Jordan on Monday said it was preparing for
the potential outbreak of chemical warfare across the border in
Syria, as a UN investigation into the alleged use of such weapons
Prime Minister Abdullah Ensour told reporters in Amman that Jordan was bolstering its military presence and emergency preparedness in northern towns and villages along the 370-kilometre border.
"We have said before that we are preparing for the potentials for the outbreak of chemical warfare and to prevent the spillover of chemical warfare," Ensour said.
"It seems that there may be chemical weapons in Syria, and if there are it is our duty to protect our citizens, border villages and particularly the Zaatari refugee camp."
His comments came a day after a UN team of investigators arrived in Damascus to begin work in areas in the country in the grip of a drawn-out civil war.
In New York, UN Secretary General Ban Ki-moon called for "full access" for the team to sites where chemical weapons were alleged to have been used to collect samples and make interviews of victims.
"The situation inside the country undoubtedly would affect the activities of the team," Ban said.
"If confirmed, the use of chemical weapons by any side, under any circumstances, must be held accountable and constitute an international crime."
Ban said the team can remain in the country beyond the original plan of 14 days if both Syria and the UN would agree on the extension.
The regime of President Bashar al-Assad and the rebels fighting to oust him have accused one another of using chemical weapons.
The UN team have been authorized to make on-site visits and may remain in Syria up to 14 days. A UN convoy was seen leaving the Four Seasons hotel in Damascus under heavy security by government forces on Monday. UN officials in Syria said they were not authorized to speak on the whereabouts of the team.
Ensour acknowledged that the US has been providing Jordan with military assistance and training in order to cope with the potential use of chemical weapons in Syria, a scenario he described as a "crime of the century."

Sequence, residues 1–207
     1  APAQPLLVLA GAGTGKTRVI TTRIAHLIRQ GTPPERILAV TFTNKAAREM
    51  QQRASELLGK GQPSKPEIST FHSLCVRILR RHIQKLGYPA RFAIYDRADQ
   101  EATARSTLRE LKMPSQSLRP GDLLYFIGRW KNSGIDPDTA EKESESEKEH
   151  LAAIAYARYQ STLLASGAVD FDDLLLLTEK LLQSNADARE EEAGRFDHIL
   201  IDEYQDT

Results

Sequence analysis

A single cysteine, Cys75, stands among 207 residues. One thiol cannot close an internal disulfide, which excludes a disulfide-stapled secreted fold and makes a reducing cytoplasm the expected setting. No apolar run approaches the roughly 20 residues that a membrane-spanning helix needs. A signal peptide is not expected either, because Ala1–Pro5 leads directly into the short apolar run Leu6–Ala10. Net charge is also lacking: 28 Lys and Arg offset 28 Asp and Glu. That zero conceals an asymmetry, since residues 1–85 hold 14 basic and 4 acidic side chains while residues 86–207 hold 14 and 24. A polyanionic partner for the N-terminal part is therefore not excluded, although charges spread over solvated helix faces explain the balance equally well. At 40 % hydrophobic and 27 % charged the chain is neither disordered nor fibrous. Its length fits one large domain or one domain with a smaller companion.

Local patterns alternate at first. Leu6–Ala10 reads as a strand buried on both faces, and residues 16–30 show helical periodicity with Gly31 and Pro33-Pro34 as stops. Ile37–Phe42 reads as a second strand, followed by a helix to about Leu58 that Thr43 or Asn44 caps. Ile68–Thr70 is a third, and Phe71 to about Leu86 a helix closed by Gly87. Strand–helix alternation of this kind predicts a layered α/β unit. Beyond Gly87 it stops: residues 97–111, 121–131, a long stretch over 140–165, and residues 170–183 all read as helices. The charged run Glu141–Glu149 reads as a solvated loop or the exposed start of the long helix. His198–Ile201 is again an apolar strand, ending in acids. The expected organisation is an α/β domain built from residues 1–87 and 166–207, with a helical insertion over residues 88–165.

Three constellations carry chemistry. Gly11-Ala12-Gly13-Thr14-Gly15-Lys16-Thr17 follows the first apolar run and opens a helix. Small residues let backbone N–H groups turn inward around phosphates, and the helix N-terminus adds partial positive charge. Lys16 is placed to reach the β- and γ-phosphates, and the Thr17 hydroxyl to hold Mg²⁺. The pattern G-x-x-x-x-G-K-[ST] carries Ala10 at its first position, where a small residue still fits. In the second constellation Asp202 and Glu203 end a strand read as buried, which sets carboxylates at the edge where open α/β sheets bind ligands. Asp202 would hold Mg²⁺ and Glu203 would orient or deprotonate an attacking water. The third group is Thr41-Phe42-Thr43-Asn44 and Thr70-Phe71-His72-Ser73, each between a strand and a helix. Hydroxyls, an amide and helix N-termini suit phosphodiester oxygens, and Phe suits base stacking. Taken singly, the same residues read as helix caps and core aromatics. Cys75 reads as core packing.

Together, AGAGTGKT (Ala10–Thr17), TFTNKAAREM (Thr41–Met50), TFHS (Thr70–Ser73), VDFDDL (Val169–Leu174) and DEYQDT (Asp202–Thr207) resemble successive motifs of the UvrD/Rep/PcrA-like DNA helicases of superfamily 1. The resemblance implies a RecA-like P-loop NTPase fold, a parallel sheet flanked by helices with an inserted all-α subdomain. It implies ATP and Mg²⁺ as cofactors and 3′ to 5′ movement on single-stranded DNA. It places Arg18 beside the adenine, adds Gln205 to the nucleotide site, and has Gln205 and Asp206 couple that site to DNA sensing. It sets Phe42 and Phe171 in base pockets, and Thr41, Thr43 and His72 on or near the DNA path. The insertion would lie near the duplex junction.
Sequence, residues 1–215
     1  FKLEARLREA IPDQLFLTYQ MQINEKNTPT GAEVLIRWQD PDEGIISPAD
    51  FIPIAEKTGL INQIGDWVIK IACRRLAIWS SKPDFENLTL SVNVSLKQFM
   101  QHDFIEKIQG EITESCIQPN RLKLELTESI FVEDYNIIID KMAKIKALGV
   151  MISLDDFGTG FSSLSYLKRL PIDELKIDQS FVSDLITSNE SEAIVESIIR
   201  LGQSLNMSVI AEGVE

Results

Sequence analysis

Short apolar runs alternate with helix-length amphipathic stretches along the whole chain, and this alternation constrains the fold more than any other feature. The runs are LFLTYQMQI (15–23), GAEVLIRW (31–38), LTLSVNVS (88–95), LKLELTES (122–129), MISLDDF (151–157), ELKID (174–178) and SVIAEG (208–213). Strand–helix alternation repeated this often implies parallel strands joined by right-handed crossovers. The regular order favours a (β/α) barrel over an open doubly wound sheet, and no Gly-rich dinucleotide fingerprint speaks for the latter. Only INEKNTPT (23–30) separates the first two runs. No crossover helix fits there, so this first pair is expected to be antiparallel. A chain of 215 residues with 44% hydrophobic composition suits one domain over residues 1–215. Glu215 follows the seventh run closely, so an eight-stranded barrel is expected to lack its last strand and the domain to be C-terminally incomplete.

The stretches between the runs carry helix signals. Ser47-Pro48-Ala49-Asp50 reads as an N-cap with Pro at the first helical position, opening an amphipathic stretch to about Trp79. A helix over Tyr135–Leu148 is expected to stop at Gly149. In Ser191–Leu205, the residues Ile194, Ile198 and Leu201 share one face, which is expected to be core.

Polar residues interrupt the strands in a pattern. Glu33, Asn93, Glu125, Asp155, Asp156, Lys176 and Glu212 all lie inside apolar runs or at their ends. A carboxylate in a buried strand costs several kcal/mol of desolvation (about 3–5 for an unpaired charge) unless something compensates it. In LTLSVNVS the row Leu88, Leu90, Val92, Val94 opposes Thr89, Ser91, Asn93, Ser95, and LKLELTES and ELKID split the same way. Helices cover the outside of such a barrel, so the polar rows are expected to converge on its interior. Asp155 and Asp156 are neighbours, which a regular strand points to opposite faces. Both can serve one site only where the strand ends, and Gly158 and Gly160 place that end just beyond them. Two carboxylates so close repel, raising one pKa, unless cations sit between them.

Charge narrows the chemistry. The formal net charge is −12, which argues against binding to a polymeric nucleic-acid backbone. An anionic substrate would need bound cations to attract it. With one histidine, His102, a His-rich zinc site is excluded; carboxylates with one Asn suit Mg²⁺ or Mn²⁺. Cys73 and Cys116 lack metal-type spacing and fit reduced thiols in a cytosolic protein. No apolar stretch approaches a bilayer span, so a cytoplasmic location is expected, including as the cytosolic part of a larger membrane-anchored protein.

Chairman of the US Joint Chiefs of Staff, General Martin Dempsey, has pledged to strengthen support for Jordan in light of the growing threat posed by the two-year conflict.
Some 1,000 US special forces are currently based in Jordan, with a task force of some 270 military advisers providing logistical support in monitoring and detecting potential chemical weapons use and safeguarding its borders with Syria.
Jordan's border areas have been subjected to near-daily errant missiles and rockets fired from Syria, with military officials expressing concern that the potential use of chemical weapons will directly threaten the lives of over 20,000 Jordanians.
Meanwhile, the United Nations High Commissioner for Refugees (UNHCR) said that 30,000 Syrian refugees, most of them Kurds, have crossed into the northern Iraqi Kurdistan region in the last several days.
"The exodus is one of the largest waves of refugees since the civil war broke out in Syria 29 months ago," Claire Bourgeois, UNHCR's Iraq representative said.
Arab media showed thousands of Syrians streaming across a bridge over the Tigris River and into Iraq's semi-autonomous Kurdistan.
Most of the refugees came from the northern province of Aleppo, where clashes were reported between Kurds and opposition extremist groups like al-Nusra Front.
According to the agency, the exodus started Thursday and picked up over the weekend and Monday. UNHCR said it is working with the Kurdish government to set a camp for the new comers.
It already sent trucks loaded with emergency supplies to serve the refugees.
"This is an unprecedented influx of refugees, and the main concern is that so many of them are stuck out in the open at the border or in emergency reception areas with limited, if any, access to basic services," said Alan Paul, emergency team leader for the Britain-based charity Save the Children.
Kurds, the largest ethnic minority in Syria, make up 9 per cent of the population.
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